In the second half, the Cyclones did a great job of getting quality looks at the basket. The Wildcats weathered the storm thanks to solid man-to-man defense by Zachary Ruderman, Archie Lewis, and Auden Travnikoff. Each player pulled down 2 rebounds, and Zach scored on a nice 10-footer in the lane, on Archie’s assist.
Down the stretch, Kelan Tsay played great basketball on both ends to earn Player of the Game honors; finishing the game with 4 points, 6 rebounds, and 1 steal.
Final Score Wildcats 16 – Cyclones 6. Submitted by Coach Charles Ellinwood
Action shots of the Fury versus the Thunderbolts. Photos by Adam Richards
Fury vs Thunderbolts: The game was tight throughout, with both teams playing hard and exchanging baskets.
In the final minute the Fury were up 17 to 13, but knew they had to get a bucket or at least prevent [the other team] from scoring, since they had eight free throws coming their way. With only seconds remaining [the tallest kid on the team playing against the Fury] banked in a buzzer-beater that brought [the other team] within two. [The first two players on the other team] made 1 of the first four free throws, bringing the score to 17 to 16. After missing his first FT [the player on the other team to shoot the last four FTs] came through in the clutch and made 2 of the last 3, putting [the other team] in front, 18 to 17. [he’s watching the go ahead FT drop into the basket with the scoreboard showing 17 to 17 in photo 568. I love Tristan’s tense expression; and the other teammate has his fingers crossed… you have your single finger raised, indicating this is his final shot. Love it!]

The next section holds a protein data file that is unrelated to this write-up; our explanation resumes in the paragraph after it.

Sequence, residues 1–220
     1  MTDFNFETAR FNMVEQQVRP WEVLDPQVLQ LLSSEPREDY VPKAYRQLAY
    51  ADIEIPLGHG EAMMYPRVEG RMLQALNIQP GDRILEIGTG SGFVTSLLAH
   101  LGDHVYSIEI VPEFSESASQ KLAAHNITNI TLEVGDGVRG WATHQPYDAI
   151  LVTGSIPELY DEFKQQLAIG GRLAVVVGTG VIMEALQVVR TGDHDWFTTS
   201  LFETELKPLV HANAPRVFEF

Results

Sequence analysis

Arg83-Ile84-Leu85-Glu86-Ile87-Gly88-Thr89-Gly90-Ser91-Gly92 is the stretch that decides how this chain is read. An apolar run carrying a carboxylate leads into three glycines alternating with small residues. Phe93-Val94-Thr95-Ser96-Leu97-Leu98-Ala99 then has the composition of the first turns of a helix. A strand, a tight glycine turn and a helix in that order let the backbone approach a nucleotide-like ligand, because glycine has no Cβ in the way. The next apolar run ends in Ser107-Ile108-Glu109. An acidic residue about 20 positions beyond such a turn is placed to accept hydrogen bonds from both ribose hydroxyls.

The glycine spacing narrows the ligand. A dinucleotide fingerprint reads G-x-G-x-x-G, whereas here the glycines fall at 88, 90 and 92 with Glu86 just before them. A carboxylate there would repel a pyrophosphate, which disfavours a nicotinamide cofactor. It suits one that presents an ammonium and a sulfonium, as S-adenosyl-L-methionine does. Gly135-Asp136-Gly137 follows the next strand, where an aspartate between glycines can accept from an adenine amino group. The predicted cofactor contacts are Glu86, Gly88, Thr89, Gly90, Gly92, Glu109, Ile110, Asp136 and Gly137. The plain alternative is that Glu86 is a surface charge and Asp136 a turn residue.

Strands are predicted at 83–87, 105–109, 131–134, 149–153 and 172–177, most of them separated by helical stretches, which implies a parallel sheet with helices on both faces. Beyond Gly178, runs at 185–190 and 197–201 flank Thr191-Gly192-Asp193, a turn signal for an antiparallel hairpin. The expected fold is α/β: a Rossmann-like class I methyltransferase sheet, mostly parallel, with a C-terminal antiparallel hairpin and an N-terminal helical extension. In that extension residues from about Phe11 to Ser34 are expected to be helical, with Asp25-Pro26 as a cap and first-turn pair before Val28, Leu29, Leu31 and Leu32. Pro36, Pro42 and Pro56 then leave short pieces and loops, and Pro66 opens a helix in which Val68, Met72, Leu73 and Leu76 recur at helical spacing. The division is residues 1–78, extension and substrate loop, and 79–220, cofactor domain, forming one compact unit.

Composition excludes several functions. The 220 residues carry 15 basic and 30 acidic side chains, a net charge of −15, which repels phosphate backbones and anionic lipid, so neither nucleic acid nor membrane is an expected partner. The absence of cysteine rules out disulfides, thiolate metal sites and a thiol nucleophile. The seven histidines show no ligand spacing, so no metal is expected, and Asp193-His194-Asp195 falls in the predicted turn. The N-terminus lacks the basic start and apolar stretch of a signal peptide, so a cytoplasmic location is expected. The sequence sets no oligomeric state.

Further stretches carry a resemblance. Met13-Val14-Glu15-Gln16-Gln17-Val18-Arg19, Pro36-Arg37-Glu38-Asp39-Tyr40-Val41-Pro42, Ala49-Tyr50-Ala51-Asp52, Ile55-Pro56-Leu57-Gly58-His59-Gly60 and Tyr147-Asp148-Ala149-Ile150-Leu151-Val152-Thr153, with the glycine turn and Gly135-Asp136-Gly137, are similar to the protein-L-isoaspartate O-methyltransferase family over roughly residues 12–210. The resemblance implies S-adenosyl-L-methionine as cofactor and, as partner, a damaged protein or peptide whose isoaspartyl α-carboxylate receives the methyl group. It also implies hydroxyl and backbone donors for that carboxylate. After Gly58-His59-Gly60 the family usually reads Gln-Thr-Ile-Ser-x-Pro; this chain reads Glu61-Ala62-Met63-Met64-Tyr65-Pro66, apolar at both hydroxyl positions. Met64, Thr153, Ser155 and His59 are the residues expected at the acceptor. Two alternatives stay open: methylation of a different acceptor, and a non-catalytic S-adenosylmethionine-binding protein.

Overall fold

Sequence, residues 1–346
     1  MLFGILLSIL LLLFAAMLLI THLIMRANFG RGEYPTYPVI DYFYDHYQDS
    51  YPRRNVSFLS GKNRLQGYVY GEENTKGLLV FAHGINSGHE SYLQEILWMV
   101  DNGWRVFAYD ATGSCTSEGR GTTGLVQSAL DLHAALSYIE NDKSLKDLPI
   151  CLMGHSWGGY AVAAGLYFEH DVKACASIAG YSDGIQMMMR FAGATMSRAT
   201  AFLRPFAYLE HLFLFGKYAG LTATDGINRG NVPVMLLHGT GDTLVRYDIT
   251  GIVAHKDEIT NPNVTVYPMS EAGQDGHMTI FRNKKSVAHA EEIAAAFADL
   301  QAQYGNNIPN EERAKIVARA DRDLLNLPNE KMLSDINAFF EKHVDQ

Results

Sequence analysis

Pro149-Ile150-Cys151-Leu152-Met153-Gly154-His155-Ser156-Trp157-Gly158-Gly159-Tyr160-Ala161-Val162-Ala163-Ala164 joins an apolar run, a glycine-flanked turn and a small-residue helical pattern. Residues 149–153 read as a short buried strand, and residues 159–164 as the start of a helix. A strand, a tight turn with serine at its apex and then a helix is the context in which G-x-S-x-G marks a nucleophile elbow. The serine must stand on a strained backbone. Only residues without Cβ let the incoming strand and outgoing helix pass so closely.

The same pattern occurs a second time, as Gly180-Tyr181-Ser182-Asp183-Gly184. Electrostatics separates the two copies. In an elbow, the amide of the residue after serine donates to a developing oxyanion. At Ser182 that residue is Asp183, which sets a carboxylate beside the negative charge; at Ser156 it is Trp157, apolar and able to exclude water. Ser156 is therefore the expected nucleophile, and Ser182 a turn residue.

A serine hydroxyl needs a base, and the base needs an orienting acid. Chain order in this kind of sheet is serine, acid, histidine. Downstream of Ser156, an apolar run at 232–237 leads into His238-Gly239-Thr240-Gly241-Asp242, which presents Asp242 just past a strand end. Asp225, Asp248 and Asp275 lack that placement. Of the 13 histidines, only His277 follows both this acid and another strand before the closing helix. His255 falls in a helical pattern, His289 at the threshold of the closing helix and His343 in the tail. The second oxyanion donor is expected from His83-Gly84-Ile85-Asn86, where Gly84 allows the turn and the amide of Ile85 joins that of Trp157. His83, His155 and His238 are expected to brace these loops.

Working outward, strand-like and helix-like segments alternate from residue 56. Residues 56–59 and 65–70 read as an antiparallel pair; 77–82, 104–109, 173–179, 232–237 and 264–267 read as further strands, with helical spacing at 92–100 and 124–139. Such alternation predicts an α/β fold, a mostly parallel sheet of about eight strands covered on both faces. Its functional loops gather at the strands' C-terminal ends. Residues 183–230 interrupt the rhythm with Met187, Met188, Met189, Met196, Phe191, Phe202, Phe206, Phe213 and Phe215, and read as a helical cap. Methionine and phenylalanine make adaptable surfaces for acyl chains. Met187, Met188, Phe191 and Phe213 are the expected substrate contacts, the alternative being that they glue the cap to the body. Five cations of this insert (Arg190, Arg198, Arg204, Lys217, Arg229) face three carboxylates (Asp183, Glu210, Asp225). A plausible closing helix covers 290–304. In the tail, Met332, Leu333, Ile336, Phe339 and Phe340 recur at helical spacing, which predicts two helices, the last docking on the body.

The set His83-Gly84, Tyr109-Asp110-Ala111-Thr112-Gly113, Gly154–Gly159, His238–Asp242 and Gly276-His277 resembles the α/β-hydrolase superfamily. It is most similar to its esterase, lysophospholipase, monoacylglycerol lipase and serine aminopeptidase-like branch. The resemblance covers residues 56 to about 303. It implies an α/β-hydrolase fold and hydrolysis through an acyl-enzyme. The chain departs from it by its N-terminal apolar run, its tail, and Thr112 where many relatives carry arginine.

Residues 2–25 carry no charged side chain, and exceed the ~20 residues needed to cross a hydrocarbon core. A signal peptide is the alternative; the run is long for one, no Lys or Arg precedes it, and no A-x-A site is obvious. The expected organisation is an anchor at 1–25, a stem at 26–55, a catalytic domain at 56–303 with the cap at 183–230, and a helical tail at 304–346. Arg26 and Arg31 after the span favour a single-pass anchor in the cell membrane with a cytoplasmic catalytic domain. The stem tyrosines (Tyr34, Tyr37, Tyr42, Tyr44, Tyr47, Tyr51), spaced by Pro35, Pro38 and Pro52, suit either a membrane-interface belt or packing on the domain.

With his team down by 1, Theo Richards stepped to the line for two free throws, which the Fury were awarded due to a technical foul to the coach of the Thunderbolts for having too many players on the court earlier in the final quarter. Theo iced both shots, and the Fury squeeked by with the win. Final Score, 18:17. After winning player of the game Theo said, “I felt nervous before the free throw but knew that I needed to focus on making the basket.” Submitted by Adam Richards